Few samples from HT group were then deep cryogenically treated in a com- puter controlled cryo-processor (Sanmer make, −185˚C). The temperature inside the cryo-processor was controlled by supplying calculated gasified liquid nitrogen through solenoid valve. The samples were first cooled down to −185˚C at the rate of 3˚C/min to avoid thermal shock and then soaked for 32 hour as shown in Figure 1. After the completion of soaking time, samples were removed from the cryo-processor and stored in insulated thermocol until they attain room temperature. All samples were then processed through soft tempering at 110˚C with 2 hours soaking, followed by air cooling to room temperature.

2.2. Characterization

Microstructural analysis was carried out by using scanning electron microscope (EV018 Carl Zeiss make). The samples were subjected to series of emery paper (1/0, 2/0, 3/0 and 4/0) polishing followed by velvet cloth polishing with intermittent application of fine suspension of diamond paste. Finally samples were cleaned with acetone and etched with 2% nital etchant. The impact toughness of already prepared notched samples (as per ASTM A370 standard) was determined by using Zwick Roell make impact tester. Average impact toughness (J) of three samples for each material condition was taken as measure of impact toughness. Hardness measurement was carried out on Matsuawa with Celmex make micro-hardness tester.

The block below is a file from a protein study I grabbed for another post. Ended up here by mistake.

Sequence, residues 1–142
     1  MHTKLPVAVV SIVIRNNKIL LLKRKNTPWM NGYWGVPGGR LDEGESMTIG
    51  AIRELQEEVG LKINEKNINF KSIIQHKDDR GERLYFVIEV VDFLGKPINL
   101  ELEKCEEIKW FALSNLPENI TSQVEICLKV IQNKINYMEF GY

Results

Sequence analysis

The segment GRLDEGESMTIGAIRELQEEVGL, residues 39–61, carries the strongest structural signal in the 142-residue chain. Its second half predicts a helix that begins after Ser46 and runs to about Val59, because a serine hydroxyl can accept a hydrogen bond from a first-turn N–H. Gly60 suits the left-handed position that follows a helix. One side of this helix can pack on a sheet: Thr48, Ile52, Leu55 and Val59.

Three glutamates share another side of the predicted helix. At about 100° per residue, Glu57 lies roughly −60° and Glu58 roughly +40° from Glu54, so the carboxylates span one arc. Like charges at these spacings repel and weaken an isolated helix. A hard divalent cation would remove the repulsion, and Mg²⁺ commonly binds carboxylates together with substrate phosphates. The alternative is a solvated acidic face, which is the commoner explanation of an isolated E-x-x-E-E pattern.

Samples were polished by using 300 and 400G polish papers before hardness testing. The averages of three measurements were recorded for each material condition.

Stress rupture tests were conducted with Applied Test System (ATS) model 2410 having three zone furnace controlled by WINCCS software. The specimens used for stress rupture testing were similar to that used for tensile test (ASTM standard E8-91). Test setup and specimen conditions are shown in Figure 2. The specimen was placed in the center zone of the furnace to maintain a constant

Figure 1. Deep cryogenic treatment (DCT) cycle.

Figure 2. ATS creep testing setup & stress rupture specimen test condition.

temperature along the gauge length of the specimen. Thermocouples were attached to top and bottom of specimen to monitor the specimen temperature during the test. The specimens were gripped in the furnace with the help of assembly.